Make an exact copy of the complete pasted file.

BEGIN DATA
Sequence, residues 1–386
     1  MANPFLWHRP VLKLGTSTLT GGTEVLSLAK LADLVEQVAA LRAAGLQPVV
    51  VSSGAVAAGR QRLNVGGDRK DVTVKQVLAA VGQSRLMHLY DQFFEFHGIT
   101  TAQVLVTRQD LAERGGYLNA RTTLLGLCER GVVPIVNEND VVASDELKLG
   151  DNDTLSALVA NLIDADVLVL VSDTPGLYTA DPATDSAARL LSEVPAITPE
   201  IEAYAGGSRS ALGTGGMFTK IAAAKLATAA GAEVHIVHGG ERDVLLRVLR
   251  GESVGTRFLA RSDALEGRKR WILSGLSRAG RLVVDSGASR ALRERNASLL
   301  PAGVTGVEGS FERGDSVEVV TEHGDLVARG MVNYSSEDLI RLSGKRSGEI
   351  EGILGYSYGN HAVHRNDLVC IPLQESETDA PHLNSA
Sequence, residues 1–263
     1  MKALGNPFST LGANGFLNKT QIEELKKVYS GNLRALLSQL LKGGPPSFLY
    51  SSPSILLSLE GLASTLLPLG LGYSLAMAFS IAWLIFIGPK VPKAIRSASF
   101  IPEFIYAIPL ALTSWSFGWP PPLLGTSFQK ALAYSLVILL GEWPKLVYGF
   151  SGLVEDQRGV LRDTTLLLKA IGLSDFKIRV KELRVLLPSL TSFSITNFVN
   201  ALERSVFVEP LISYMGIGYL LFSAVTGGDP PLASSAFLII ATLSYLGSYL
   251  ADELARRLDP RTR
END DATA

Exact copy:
Sequence, residues 1–386
     1  MANPFLWHRP VLKLGTSTLT GGTEVLSLAK LADLVEQVAA LRAAGLQPVV
    51  VSSGAVAAGR QRLNVGGDRK DVTVKQVLAA VGQSRLMHLY DQFFEFHGIT
   101  TAQVLVTRQD LAERGGYLNA RTTLLGLCER GVVPIVNEND VVASDELKLG
   151  DNDTLSALVA NLIDADVLVL VSDTPGLYTA DPATDSAARL LSEVPAITPE
   201  IEAYAGGSRS ALGTGGMFTK IAAAKLATAA GAEVHIVHGG ERDVLLRVLR
   251  GESVGTRFLA RSDALEGRKR WILSGLSRAG RLVVDSGASR ALRERNASLL
   301  PAGVTGVEGS FERGDSVEVV TEHGDLVARG MVNYSSEDLI RLSGKRSGEI
   351  EGILGYSYGN HAVHRNDLVC IPLQESETDA PHLNSA
Sequence, residues 1–263
     1  MKALGNPFST LGANGFLNKT QIEELKKVYS GNLRALLSQL LKGGPPSFLY
    51  SSPSILLSLE GLASTLLPLG LGYSLAMAFS IAWLIFIGPK VPKAIRSASF
   101  IPEFIYAIPL ALTSWSFGWP PPLLGTSFQK ALAYSLVILL GEWPKLVYGF
   151  SGLVEDQRGV LRDTTLLLKA IGLSDFKIRV KELRVLLPSL TSFSITNFVN
   201  ALERSVFVEP LISYMGIGYL LFSAVTGGDP PLASSAFLII ATLSYLGSYL
   251  ADELARRLDP RTR